WWF stands with Inuit Regional Wildlife Organizations to call for the moratorium of mining activities in Nunavut's caribou calving grounds.
IQALUIT, March 8, 2016 /CNW/ - WWF is disappointed in the Government of Nunavut's recently announced position supporting development within caribou calving grounds and key access corridors. Caribou are sensitive when on their calving grounds, which is why WWF-Canada has been supportive of calls for a moratorium on mining exploration or development on core calving grounds.
David Miller, president and CEO at WWF-Canada said: "The Government of Nunavut's decision to change its position on development in caribou calving grounds fails to recognize that caribou herd numbers are in vast decline. Every precaution should be taken to protect remaining populations. While economic opportunities are needed in the North, they must not come at the cost of nature that supports communities."
Paul Crowley, vice-president of Arctic conservation at WWF-Canada said: "Science-based evidence and local knowledge tells us that even a small disturbance on a calving ground can cause mothers to fail to reproduce, to abandon their calves, and to devote less time to eating, resulting in a weakened body condition. We continue to stand with the Regional Wildlife Organizations, who represent the Hunters and Trappers Organizations of Nunavut, calling for the moratorium of mining activities in Nunavut's caribou calving grounds."
Canadian barren-land caribou populations are on the decline. The Bluenose East herd has declined nearly 80 per cent, to fewer than 40,000 individuals, in the past 12 years. While some of the decline can be attributed to natural population cycles and climate change, industrial development in the region also has the potential to cause habitat loss and disturb caribou during sensitive parts of their lifecycle.
Up until now, the Government of Nunavut's position was a firm prohibition on industrial activity in core calving grounds and key access corridors, with seasonal restrictions in post calving areas. They now hope to protect these vital areas by employing untested mobile protection measures.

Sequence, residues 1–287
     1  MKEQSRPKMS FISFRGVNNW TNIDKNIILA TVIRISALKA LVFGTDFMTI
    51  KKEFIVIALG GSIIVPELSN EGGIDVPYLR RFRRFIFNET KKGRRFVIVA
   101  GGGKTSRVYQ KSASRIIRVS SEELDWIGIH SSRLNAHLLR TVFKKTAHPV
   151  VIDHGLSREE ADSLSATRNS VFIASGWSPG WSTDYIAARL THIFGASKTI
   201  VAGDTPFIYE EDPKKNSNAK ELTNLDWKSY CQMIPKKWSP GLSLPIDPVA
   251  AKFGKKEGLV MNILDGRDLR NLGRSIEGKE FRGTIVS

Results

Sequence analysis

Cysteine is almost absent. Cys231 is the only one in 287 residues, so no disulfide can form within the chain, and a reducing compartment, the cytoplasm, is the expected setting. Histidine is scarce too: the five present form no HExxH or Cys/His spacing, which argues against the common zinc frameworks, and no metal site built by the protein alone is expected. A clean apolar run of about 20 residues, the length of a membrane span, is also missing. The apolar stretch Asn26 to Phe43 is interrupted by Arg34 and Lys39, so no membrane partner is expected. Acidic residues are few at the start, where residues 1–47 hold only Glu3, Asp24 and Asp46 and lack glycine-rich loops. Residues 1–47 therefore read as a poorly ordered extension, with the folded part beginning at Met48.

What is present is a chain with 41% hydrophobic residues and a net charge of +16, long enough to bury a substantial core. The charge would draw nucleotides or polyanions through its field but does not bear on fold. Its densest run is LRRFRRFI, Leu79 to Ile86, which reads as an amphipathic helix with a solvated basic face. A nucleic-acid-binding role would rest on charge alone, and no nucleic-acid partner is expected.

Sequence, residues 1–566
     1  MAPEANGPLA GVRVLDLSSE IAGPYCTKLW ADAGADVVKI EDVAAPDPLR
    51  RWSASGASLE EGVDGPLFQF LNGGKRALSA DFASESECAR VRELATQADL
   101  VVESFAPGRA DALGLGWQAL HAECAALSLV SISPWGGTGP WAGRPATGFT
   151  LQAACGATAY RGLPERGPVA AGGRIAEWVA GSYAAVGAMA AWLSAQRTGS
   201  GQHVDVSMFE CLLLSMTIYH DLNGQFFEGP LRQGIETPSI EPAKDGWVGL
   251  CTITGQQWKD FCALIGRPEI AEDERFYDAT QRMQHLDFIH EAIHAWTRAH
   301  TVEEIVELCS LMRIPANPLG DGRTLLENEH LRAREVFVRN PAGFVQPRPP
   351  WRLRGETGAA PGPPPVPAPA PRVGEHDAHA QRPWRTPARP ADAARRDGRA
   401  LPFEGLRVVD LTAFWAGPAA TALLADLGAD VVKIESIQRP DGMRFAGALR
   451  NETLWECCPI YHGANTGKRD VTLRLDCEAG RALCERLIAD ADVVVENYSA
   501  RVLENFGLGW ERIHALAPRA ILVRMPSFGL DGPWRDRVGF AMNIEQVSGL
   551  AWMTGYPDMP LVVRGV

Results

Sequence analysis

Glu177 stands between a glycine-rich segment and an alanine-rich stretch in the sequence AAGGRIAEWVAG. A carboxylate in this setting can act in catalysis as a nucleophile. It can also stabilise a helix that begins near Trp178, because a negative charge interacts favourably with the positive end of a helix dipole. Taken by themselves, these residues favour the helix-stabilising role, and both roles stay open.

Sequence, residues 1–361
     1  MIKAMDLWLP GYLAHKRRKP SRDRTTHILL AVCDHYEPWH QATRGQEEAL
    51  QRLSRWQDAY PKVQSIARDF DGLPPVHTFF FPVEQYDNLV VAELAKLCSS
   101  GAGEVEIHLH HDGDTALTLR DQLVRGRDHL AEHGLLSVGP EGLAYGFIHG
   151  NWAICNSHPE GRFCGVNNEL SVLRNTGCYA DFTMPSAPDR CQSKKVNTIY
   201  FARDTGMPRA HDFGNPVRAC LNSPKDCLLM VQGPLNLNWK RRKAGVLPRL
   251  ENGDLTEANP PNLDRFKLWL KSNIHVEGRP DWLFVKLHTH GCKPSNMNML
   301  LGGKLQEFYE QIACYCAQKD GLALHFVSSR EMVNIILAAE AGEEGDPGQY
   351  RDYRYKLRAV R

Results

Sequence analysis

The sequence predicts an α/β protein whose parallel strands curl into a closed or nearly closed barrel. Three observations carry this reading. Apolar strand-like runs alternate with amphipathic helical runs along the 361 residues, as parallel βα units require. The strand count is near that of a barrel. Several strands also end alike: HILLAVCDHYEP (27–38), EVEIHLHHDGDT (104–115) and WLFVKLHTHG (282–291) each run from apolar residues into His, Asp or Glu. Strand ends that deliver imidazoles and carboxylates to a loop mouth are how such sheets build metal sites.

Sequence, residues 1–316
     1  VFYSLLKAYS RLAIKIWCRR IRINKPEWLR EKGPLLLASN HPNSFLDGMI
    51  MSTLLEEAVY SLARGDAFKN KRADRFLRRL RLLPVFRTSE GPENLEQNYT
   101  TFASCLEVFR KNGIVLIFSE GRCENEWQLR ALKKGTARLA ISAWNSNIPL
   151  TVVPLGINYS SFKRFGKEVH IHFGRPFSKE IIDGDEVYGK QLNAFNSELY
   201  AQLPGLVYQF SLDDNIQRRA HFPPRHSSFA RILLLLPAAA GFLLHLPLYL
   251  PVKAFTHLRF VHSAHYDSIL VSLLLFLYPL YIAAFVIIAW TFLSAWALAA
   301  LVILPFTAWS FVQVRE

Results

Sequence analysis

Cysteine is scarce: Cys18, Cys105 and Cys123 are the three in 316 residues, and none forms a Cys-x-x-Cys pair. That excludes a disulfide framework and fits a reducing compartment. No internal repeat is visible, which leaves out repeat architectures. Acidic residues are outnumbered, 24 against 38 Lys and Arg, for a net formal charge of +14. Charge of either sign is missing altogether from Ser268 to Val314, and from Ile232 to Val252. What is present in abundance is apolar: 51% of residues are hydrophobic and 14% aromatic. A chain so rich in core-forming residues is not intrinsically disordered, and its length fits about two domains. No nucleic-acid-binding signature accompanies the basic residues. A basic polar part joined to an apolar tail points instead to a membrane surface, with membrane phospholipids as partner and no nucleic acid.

This goes against the advice of, among others, all three Regional Wildlife Management Boards that represent all of the Hunters and Trappers Organizations in Nunavut, the Qikiqtani Inuit Association, and caribou management boards such as the Beverly and Qamanirjuaq Caribou Management Board whose support for full protection of vital caribou habitat is based on both traditional as well as scientific knowledge.
Mobile protection is not a proven tool to protect critical caribou habitat. There is no evidence to support its effectiveness. At a time when all the Barren ground caribou herds in Nunavut are crashing, experimenting with unproven protection measures in critical habitat is foolhardy.
WWF supports designating all caribou calving and post-calving areas, key access corridors and freshwater crossings as Protected Areas, regardless of their mineral potential. Caribou do not care if a calving area is rich in mineral potential or not. WWF is not opposed to responsible mining activities in other areas, but the ecological and cultural importance of caribou to Nunavut deserves protection, especially in light of the recent downturn in caribou numbers across the North.
The Nunavut Land Use Plan represents a crucial opportunity to help safeguard many of the barren-ground caribou herds of the North, and to allow for population growth of the great herds to levels that can support sustainable harvest and perhaps one day return to historical levels.
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For further information: Rebecca Spring, Communications Specialist, WWF-Canada, 647-338-6274, email@example.com